Indian Naval Ship (INS) Kamorta was reborn in Visakhapatnam on Saturday, when Defence Minister Arun Jaitley commissioned the navy’s new anti-submarine corvette, billed as 90 per cent indigenous. The Kamorta, and three other corvettes that will follow it — Kadmatt, Kiltan and Kavaratti — are reincarnations of an earlier line of 11 Soviet-supplied Arnala-class corvettes. The earlier INS Kamorta entered service in 1968 and provided INS Vikrant with anti-submarine protection when the aircraft carrier blockaded East Pakistan during the 1971 war. It was decommissioned in 1991.
“While the earlier Kamorta was acquired from erstwhile Soviet Union, this one is swadeshi”, said navy chief, Admiral Robin Dhowan, at the commissioning.
While the Arnala-class corvettes were barely 1,000 tonnes, the new Kamorta is a muscular 3,300 tonnes. It is designed to destroy incoming anti-ship missiles and aircraft and strike ground targets, in addition to its primary role of submarine killer.
However, much like the destroyer, INS Kolkata, which Prime Minister Narendra Modi commissioned on August 16, the Kamorta is joining the fleet without several of these capabilities. The navy says they will be added on later.
So far, the Kamorta cannot fully perform even its primary role of detecting and destroying submarines. It has not been fitted with the advanced towed array sonar (ATAS), vital for detecting submarines, especially in the warm, shallow waters of the Arabian Sea. Until the ministry of defence (MoD) is able to procure an ATAS for at least 25 warships, that lack it, the Kamorta will remain reliant on its less capable hull-mounted sonar, the indigenous HUMSA-NG.
As crippling for the Kamorta is the absence of an anti-submarine helicopter, for which it has a hangar and a landing deck. The navy has just 10-12 functional Sea King 42B anti-submarine helicopters, insufficient to equip all the warships that require these. The Sea King 42B carries a “dunking sonar”, which it lowers into the water to detect submarines from giveaway sounds; and then drops “depth charges” to destroy the submarine. The navy has been trying to buy a multi-role helicopter (MRH) for several years to boost its anti-submarine capability, but MoD has never pushed the procurement forcefully. The chief of the Eastern Naval Command, Vice-Admiral Satish Soni, laments he is “woefully short” of helicopters.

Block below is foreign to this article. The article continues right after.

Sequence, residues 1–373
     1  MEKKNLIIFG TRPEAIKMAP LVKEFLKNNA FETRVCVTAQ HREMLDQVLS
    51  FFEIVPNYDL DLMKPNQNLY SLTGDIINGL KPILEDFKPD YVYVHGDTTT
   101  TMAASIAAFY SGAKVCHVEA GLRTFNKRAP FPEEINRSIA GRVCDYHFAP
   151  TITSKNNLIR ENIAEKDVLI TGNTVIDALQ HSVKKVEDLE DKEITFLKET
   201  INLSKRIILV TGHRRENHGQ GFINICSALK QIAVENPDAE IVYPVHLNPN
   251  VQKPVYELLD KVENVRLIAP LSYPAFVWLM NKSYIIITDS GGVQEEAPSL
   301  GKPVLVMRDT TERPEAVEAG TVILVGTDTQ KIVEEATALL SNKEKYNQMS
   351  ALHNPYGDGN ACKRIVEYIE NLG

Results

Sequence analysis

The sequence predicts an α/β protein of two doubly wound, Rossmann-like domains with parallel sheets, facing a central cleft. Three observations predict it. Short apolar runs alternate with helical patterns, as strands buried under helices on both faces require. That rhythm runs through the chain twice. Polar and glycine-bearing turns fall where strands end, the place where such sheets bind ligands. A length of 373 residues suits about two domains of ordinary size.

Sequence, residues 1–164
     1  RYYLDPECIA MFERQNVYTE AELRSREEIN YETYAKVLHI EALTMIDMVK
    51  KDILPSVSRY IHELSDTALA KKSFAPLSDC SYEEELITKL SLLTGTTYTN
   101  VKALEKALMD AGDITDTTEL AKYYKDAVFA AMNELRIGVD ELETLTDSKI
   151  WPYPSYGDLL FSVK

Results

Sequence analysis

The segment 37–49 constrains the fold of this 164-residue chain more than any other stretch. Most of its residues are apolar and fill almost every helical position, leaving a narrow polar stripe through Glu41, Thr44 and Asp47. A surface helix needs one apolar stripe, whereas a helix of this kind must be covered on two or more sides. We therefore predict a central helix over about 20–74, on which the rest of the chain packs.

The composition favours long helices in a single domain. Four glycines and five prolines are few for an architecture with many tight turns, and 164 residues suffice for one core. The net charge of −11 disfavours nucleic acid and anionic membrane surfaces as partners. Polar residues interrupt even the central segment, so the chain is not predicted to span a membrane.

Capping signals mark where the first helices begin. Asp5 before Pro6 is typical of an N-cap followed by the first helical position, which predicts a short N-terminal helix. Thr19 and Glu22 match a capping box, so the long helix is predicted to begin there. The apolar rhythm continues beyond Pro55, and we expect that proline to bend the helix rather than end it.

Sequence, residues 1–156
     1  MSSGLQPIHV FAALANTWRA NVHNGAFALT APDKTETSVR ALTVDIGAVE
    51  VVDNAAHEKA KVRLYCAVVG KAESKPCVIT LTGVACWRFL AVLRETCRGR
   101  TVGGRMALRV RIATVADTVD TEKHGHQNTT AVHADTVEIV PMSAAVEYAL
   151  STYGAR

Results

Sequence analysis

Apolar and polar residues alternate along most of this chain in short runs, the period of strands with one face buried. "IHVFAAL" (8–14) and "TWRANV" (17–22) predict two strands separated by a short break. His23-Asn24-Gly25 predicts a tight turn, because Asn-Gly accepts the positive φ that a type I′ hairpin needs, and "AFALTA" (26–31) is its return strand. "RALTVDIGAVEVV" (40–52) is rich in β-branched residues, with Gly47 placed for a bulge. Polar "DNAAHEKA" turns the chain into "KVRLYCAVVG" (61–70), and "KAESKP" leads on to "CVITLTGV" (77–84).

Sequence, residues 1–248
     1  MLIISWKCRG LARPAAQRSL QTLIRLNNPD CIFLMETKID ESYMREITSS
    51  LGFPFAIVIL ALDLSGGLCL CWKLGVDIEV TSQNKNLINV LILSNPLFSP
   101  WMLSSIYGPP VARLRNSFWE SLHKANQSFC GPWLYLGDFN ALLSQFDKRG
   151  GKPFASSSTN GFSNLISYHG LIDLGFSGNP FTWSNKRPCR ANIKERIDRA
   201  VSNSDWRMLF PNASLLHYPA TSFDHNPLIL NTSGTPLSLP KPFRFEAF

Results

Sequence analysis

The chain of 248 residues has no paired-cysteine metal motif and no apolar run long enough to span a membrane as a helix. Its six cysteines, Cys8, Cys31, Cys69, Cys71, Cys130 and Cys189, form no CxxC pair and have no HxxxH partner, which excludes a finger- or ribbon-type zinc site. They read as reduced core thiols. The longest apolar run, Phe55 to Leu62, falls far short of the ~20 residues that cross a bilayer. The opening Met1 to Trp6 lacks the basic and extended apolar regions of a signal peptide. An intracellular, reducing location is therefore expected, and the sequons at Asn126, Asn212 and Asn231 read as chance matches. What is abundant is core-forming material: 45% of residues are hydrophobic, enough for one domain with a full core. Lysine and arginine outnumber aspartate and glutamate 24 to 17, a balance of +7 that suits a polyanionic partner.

“All our helicopters are ageing and need replacement. The case for acquisition of helicopters has been going on for some time. Hopefully, we will have the MRH sanctioned quickly,” says Soni.
Also deficient is the Kamorta’s anti-missile and anti-air capability. Its surface-to-air missile (SAM) has still not been decided and the warship has two empty canisters where SAMs will eventually be fitted. Without that long-range capability, air defence is left to a 76 millimetre super-rapid gun mount (SRGM), built by Bharat Heavy Electricals Ltd, and an AK-630 multi-barrel gun that lays down a curtain of lead to destroy incoming missiles and aircraft.
Since the Kamorta does not have a land attack missile, its capacity for shore bombardment is limited to the 76 mm SRGM. The navy, aware that this is only a light weapon, has issued a tender for a heavier 127 mm SRGM. So far, that acquisition has made little headway.
The defence minister plays down the Kamorta’s lack of readiness. He said: “If one of the weapons is not there because it is in the process of production or procurement, it shall be installed expeditiously as soon as it is available. This is a process that takes time. It is a learning curve for the defence industry and for our own research institutions.”
The Kamorta has been built by Garden Reach Shipbuilders & Engineers, Kolkata, (GRSE), for Rs 1,900 crore. It was to be delivered in 2009, with the Kadmatt, Kiltan and Kavaratti following at one-year intervals.
The key to success of an anti-submarine warship is its ability to operate silently. The Kamorta’s engine and gearbox have been mounted on a special platform to kill vibration.
INS Kamorta is named after an island in the Andaman & Nicobar chain.
The navy traditionally names warships after rivers, mountains, islands, cities and islands.